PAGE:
And we thought music was forever. It turns out a new phenomenon called Disc Rot is threatening our old CDS. Round up your So Fresh collection and keep it safe because disc rot is comin’ for ya.
While this might not be such an issue for those of us with a few loose copies of JET’s Get Born (yes that’s me) but for the big baller CD collectors and those with archives of rarities this is turning out to be a disaster.
In a similar vein to the bee crisis, Disc Rot is running through people’s collections and taking out thousands of dollars and countless memories in one fell swoop.
Starting off as a few white spots on the reflective side, Disc Rot continues on to mercilessly eat away at the disc until all that is left is the case and your memories. The issue is being taken very seriously by the US Library of Congress and the research mission to intervene is being headed by preservation specialist Michelle Youket “this kind of silent destruction, which shows up in three different forms—the “bronzing” of discs, small pin-hole specs located on the discs, or “edge-rot”
According to the Library of Congress in the US, here are 5 things you need to know about Disc Rot and what to look for:
1. Discs with significant errors are often still at least partially readable, according to Youket.
“In the case that a disc has an uncorrectable error, depending on where this error occurs much of the data is still recoverable,” she explained in an interview. “Many discs with high errors are still playable, and depending on the content—audio, video, or data—even an uncorrectable error may not be serious.”
2. A scratch at the top of a CD is more problematic than one on the bottom.
Why’s that? Youket says that the standards for these optical formats include built-in error-correction schemes that can work around scratches in at the bottom of the discs. “However,” she says, “because the reflective layer is only covered by a thin coating of acrylic with an ink-printed label, scratches to the top surface can penetrate through and damage the reflective layer.”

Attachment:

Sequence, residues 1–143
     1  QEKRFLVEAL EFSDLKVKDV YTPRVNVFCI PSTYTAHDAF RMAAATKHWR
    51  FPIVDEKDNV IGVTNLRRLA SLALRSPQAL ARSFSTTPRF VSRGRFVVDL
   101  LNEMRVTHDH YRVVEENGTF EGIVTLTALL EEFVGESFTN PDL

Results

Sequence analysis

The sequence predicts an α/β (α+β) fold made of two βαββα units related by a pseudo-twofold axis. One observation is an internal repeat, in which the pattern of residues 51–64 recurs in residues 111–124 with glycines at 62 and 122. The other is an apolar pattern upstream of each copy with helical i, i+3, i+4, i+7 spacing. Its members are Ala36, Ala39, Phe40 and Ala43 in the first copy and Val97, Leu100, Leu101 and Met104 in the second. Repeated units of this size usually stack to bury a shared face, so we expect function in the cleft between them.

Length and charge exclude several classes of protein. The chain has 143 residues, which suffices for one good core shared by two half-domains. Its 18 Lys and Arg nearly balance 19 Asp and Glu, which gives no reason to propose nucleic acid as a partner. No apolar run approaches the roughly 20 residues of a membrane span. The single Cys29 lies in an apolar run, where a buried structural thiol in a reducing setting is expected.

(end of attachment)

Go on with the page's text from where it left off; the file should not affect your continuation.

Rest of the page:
3. DVDs generally have better integrity than do CDs because the disc’s reflective layer is pressed inside the polycarbonate discs.
But the discs are often more susceptible to breaking apart due to chemical reactions between the layers and the polycarbonate discs—and as a result, layers can delaminate over time. Dual-layer discs tend not to hold up so well.
4. Recordable discs don’t last as long, in part because of the organic dye used to record the bytes onto discs, which Youket says is vulnerable to degradation.
Particularly in the case of recordable DVDs, which have higher levels of light sensitivity, making them more susceptible to failure. Additionally, she says the way a recordable disc is burned is a major factor in defining its lifespan—a poorly recorded disc tends to wear out more quickly.
5. Proper storage and handling helps.
Ultimately, Youket notes that, according to LoC’s own aging tests (which determined the life expectancy of discs based on changes in their bit-level error rate), discs are much more likely to survive over long periods if they’re handled correctly and stored in good conditions.
“These studies have shown that a well-made pressed compact disc can last many decades if stored and handled properly,” she noted, adding that “discs that are stored in harsh environmental conditions with elevated temperature and/or humidity will have shorter expected lifetimes than discs stored in more controlled conditions.”
So stay vigilant and take a close look at your silver babies next time you’re home….it might just be the beginning of the end.
Original source found here.